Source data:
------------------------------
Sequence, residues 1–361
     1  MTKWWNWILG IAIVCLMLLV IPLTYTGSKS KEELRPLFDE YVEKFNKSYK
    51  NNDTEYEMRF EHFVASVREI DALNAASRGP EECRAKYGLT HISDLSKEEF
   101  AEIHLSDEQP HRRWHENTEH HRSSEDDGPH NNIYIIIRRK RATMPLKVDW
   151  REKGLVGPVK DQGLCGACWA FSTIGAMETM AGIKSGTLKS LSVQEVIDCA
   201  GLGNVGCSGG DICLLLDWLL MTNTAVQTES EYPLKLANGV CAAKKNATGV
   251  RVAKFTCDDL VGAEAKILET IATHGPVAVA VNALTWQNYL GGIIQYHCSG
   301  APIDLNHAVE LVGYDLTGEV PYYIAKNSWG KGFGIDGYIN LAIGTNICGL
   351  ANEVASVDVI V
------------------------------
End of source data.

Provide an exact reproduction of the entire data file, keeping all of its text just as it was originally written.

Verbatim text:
Sequence, residues 1–361
     1  MTKWWNWILG IAIVCLMLLV IPLTYTGSKS KEELRPLFDE YVEKFNKSYK
    51  NNDTEYEMRF EHFVASVREI DALNAASRGP EECRAKYGLT HISDLSKEEF
   101  AEIHLSDEQP HRRWHENTEH HRSSEDDGPH NNIYIIIRRK RATMPLKVDW
   151  REKGLVGPVK DQGLCGACWA FSTIGAMETM AGIKSGTLKS LSVQEVIDCA
   201  GLGNVGCSGG DICLLLDWLL MTNTAVQTES EYPLKLANGV CAAKKNATGV
   251  RVAKFTCDDL VGAEAKILET IATHGPVAVA VNALTWQNYL GGIIQYHCSG
   301  APIDLNHAVE LVGYDLTGEV PYYIAKNSWG KGFGIDGYIN LAIGTNICGL
   351  ANEVASVDVI V